A majority of animals are raised in industrial facilities, which generate 300 million tons of manure every year, but we don't know where it goes.
Cowboys have known for years to"always drink upstream from the herd. And although the lone, Stetson-wearing cowpoke roaming the prairie is becoming as rare as the jackalope, his advice is as poignant as ever: Animals defecate, and their manure carries bacteria, viruses, and other contaminants that pollute water and can make people sick.
Unfortunately, for most Americans, there is very little information available about where the herd is, or if their favorite swimming holes happen to lie downstream. A majority of animals are now raised in industrial livestock facilities, known in the regulatory world as Concentrated Animal Feeding Operations, or CAFOs. The Environmental Protection Agency (EPA) estimated that these operations generate approximately 300 million tons of manure each year, more than the amount of trash produced by all Americans. However -- although some states collect piecemeal information about CAFOs -- there are no comprehensive data about the size, location, or waste management practices of the U.S. livestock industry.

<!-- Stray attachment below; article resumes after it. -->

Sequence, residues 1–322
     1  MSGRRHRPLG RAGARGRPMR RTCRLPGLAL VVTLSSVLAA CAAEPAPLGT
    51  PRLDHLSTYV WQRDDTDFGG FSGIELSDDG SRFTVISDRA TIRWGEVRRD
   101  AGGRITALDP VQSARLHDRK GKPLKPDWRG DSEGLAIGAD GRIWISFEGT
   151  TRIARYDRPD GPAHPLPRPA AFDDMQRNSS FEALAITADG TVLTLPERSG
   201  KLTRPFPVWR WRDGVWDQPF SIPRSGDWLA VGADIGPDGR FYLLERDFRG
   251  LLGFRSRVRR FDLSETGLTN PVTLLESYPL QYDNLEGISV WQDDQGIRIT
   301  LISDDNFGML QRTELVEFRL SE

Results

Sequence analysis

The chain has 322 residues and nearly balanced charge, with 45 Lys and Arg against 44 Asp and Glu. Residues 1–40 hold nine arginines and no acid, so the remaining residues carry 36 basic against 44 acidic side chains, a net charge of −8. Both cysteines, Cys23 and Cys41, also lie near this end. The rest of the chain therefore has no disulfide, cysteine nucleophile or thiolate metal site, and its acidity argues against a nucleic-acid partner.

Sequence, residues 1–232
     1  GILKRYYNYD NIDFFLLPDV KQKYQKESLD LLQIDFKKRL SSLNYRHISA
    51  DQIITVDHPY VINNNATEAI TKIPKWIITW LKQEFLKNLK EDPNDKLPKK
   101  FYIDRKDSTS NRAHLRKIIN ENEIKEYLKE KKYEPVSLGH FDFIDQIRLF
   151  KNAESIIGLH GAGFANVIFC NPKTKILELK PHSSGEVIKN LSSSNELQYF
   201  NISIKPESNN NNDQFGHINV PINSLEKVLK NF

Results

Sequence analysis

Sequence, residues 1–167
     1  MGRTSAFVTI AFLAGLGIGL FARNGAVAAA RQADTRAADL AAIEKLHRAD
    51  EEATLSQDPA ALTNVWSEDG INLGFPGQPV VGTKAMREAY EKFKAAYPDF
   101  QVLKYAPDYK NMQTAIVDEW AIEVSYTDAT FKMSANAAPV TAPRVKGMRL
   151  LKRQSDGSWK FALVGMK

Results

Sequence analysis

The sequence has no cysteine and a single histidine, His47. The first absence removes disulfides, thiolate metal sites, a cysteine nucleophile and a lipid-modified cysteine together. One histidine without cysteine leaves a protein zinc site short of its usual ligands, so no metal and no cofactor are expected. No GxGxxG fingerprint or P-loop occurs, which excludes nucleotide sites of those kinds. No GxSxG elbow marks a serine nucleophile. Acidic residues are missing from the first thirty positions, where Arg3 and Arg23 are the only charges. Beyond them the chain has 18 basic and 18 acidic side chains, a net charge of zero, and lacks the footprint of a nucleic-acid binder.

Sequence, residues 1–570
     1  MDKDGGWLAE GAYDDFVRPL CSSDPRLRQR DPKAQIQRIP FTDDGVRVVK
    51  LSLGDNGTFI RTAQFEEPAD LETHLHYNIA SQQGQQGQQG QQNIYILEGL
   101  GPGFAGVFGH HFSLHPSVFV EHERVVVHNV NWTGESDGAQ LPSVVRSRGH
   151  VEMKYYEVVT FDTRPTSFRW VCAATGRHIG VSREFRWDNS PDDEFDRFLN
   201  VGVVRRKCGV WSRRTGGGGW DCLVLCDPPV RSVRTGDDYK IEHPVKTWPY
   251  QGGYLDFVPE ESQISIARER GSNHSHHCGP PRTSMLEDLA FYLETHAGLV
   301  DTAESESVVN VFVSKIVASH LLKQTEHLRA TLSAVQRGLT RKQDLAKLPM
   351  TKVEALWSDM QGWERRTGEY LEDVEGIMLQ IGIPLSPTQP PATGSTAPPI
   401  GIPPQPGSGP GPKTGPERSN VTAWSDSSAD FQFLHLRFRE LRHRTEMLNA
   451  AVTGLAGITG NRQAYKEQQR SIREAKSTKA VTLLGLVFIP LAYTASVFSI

Without key information about the industry, the federal government's watchdog, the Government Accountability Office, observed, the "EPA does not have the information that it needs to effectively regulate these operations." So, under pressure from NRDC and our partners, the EPA agreed to initiate an effort to get a handle on the industry's true risks to water, by proposing to collect some basic operating information from CAFOs. Unfortunately, the EPA, cowed by the livestock industry, chickened out.